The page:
Bills that would end the every-five-year renewal of the satellite compulsory license passed the House Tuesday in a package of funding bills, H.R. 1865, the Further Consolidated Appropriations Act, expected to be passed by the Senate later this week.
Those are the Television Viewer Protection Act and the Satellite Television 16 Community Protection and Promotion Act of 2019, two House bills appended to the larger appropriations bill after legislators on both sides of the aisle and in both houses agreed to that approach to renewing, or in this case not renewing, the STELAR Act, which expires at the end of December.
The provisions make the FCC mandate of good faith bargaining in retransmission consent negotiations permanent, sunset some of the satellite compulsory license, while making the license for RVs, truckers and short markets permanent for satellite operators delivering local TV station signals in all 212 markets--Dish already does, AT&T's DirecTV, in order to get the permanent license, would have until May 31, 2020 to serve the dozen or so smallest markets where it does not currently deliver local stations by satellite. The TVPA also "requires cable and satellite TV companies to disclose how much they will charge for their video services, including any extra fees."
The STELAR law included that good faith bargaining language as well as the compulsory license, which allows satellite carriers to deliver distant network signals to markets that lack them. It had to be renewed every five years or it sunset, as it is scheduled to do at the end of the month. That renewal process had been used to try to make, and sometimes succeed in making, changes to the retransmission consent process, a process broadcasters have said is working fine.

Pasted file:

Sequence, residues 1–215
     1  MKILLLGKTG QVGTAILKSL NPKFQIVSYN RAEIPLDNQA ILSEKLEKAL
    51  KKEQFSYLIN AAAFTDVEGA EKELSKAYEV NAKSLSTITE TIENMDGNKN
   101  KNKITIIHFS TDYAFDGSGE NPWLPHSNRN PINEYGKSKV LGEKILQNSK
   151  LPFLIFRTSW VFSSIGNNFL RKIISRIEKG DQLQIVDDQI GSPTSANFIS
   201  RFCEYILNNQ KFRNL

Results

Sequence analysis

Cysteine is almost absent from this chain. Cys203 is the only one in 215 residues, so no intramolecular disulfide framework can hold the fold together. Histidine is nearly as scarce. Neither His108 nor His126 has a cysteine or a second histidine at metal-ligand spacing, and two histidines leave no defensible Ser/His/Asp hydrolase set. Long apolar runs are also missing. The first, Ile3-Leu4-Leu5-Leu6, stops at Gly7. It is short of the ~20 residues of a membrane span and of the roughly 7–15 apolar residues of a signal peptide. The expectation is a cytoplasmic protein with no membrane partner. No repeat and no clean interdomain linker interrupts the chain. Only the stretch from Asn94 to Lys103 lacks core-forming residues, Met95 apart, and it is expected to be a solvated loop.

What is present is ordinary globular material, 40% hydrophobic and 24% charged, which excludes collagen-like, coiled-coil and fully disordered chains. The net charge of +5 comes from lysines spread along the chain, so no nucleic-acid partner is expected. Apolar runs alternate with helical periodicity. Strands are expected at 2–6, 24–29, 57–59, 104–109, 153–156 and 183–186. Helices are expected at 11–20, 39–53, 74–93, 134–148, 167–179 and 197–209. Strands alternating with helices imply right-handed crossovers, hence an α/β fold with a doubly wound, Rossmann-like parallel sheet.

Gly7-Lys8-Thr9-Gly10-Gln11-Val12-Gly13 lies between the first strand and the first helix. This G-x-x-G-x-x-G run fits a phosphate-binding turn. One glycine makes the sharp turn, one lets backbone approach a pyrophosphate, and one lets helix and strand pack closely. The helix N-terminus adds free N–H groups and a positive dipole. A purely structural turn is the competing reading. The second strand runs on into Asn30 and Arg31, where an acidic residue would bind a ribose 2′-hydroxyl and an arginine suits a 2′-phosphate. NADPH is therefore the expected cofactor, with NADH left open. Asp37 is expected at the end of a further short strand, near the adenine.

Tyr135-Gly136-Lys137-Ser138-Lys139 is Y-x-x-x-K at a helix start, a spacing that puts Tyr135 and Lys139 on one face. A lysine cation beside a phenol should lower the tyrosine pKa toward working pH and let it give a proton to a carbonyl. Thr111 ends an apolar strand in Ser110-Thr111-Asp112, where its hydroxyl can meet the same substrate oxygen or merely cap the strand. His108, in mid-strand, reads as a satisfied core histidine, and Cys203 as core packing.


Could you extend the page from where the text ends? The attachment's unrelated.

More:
Rep. Mike Doyle (D-Pa.), chairman of the Communications Subcommittee, cited the TVPA passage Tuesday among the accomplishments of the Subcommittee in 2019.
"Congress has finally put an end to an outdated law," said Rep. Greg Walden (R-Ore.) ranking member of the House Energy & Commerce Committee. "Now we will let the marketplace work and require all sides to negotiate their agreements in good faith. We give consumers more transparency on their video bills and allow small cable operators to group together to negotiate with broadcasters. It’s time now to move on to other issues, such as the T-Band and C-Band, a review of how FirstNet is working and how best to connect the rest of America to reliable, high speed broadband,” said Walden.
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Contributing editor John Eggerton has been an editor and/or writer on media regulation, legislation and policy for over four decades, including covering the FCC, FTC, Congress, the major media trade associations, and the federal courts. In addition to Multichannel News and Broadcasting + Cable, his work has appeared in Radio World, TV Technology, TV Fax, This Week in Consumer Electronics, Variety and the Encyclopedia Britannica.
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